After the uproar died down a bit and the truth of things came out, at least enough to move forward, we all took a collective deep breath and sigh of momentary relief. The Bishops said they would not be putting forward a proposal and that they supported unity. They called on the church to be unified as well. Even provided a moving and wonderfully phrased and honest prayer about binding us together. They also said they were not unified. If you follow the United Methodist Church, this is not news. So, after all of this, what have we learned?
We have learned that our divisions run deeper than a single issue. They are matters of trust, of covenant, and even just the reality that a lot of us do not like each other. I think that most of us would in any setting other than this, but it’s still time for blunt and frank admittance of where we are. Oddly enough while most of us agree that unity should be the goal, we can not even agree on what unity in the faith means or looks like. To put it another way, it seems the divide is so wide that we can not imagine a time when it was not there. For some of us, there has never been a time when it was not present. Is united modeled by a strong central authority with some limited local autonomy primarily in matters of how to do ministry but not in matters of doctrine? Is united a weak central organization with strong local churches making their own decisions? Is united something more like the relationship between the United States and the United Kingdom, where we are allied, but very different and often in tension? Is united simply together in deeds if not in beliefs? Is united followers of Christ with different names on the door and theologies in the books? We don’t really seem to know what united even looks like. If we can not see what united is, we won’t find it I fear, at least not together. We are not even going to talk about what the cost of unity is or should be. It’s still time to answer these questions.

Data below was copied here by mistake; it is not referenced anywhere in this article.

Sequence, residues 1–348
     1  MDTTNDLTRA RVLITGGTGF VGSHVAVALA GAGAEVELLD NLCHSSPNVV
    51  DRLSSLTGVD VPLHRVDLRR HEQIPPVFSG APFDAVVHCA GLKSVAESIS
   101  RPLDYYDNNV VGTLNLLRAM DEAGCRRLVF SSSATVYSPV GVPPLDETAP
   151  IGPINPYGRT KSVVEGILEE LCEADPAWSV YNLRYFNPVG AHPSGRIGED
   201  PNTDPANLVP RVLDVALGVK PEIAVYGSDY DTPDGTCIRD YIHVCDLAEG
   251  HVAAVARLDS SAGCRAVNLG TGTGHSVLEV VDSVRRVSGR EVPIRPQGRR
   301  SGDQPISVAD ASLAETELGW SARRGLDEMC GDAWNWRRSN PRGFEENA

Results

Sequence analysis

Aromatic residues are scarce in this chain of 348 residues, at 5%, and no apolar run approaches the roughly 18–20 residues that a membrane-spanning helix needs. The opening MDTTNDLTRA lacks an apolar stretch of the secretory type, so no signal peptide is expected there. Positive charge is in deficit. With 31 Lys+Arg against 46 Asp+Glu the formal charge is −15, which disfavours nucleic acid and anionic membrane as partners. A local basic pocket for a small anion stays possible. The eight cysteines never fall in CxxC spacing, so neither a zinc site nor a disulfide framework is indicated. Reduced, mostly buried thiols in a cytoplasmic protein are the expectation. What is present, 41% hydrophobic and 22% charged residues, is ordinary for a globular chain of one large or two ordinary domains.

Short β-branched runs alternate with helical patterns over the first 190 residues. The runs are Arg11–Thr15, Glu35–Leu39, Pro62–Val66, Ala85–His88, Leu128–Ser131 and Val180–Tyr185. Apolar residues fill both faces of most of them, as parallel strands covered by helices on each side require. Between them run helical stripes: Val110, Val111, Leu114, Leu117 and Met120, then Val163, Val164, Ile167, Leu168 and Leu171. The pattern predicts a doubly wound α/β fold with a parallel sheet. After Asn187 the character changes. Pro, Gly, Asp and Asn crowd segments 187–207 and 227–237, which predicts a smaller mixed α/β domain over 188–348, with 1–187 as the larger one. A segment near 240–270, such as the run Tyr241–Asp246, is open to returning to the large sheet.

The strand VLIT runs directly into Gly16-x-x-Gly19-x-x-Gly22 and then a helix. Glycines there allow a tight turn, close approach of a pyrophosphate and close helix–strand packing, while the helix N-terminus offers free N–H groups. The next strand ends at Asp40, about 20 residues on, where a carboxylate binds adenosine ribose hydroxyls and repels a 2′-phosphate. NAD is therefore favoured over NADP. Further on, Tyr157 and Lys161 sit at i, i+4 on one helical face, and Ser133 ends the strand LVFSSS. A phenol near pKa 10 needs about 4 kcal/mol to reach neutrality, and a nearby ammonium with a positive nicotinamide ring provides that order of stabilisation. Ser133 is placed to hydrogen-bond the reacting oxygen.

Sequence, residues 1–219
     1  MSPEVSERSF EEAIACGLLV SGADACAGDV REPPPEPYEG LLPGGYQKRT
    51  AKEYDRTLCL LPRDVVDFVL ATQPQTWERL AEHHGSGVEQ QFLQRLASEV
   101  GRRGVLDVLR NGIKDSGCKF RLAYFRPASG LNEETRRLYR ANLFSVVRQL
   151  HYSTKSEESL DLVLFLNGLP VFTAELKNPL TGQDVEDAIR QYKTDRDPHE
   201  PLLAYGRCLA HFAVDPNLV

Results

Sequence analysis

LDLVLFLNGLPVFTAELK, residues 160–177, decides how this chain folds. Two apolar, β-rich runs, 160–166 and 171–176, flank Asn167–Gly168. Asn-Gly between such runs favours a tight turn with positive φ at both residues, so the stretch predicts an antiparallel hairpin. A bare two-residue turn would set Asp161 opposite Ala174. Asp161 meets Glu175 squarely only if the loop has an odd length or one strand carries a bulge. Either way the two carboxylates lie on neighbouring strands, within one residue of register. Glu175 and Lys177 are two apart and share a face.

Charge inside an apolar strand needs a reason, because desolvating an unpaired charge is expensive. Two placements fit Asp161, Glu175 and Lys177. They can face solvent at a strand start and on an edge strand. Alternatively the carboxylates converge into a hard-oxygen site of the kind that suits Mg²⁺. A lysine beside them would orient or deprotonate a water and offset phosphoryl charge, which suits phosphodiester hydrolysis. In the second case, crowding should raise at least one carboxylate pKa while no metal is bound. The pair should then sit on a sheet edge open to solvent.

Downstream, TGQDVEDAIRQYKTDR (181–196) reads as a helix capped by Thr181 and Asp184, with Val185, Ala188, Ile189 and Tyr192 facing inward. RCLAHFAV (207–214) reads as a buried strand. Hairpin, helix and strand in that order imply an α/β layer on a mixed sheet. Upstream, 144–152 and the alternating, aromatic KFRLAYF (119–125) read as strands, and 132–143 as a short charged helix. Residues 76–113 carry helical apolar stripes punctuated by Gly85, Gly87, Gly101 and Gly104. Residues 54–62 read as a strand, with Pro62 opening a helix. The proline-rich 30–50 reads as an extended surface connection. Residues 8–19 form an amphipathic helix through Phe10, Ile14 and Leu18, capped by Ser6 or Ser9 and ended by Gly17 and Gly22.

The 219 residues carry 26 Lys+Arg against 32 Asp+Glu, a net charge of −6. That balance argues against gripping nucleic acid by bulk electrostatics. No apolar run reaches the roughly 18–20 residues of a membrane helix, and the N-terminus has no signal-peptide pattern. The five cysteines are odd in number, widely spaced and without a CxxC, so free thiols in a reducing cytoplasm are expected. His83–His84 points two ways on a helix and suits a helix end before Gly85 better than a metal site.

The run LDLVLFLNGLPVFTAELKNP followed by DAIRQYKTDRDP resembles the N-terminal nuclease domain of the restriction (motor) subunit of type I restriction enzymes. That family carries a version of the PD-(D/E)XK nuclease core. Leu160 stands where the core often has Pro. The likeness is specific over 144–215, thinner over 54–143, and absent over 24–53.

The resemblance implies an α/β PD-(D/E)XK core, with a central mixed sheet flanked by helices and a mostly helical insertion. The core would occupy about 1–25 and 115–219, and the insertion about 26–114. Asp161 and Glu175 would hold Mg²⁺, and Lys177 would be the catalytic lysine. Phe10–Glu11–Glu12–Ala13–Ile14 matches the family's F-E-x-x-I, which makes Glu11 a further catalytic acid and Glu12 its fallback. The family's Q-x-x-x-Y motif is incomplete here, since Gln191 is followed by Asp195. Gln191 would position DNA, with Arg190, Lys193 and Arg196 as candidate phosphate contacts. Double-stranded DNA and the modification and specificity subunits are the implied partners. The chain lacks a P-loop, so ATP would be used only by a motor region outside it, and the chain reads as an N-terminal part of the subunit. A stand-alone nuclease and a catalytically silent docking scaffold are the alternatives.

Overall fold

We have learned that we do not really trust each other very much. The right blamed the left, the left blamed the right, everyone blamed the middle and so forth and so on. It appears that there was an agenda that played itself out here. It doesn’t even really matter if there wasn’t, I think that most of us believe that there was. I hope I am wrong in that, but I fear that I am correct. Let me perfectly honest here. I have people whom I trust and think highly of associated with various unofficial Methodist groups. I trust them. I do not trust their groups by and large though. I can get past it most days, but it is real none the less. I don’t know if there was an agreement that anyone would actually believe anyone else would follow it. That requires trust, and we do not have it in large supply these days. If we are going to be honest, it is not going to magically appear tomorrow either. It’s still time to decide if we can move forward together in ministry with those we do not trust and often do not like.
We have learned that shared goals and successes can mask our ills for a time, but they will creep up again and progressively faster after each brief respite. We do a tremendous amount of good together and it is even good and healthy to rejoice in and celebrate that. Is it enough?
It’s still time to pray. It’s still time to look for wisdom and discernment. It’s still time for all of us to face the frank and difficult questions. It’s still time…and it is running out.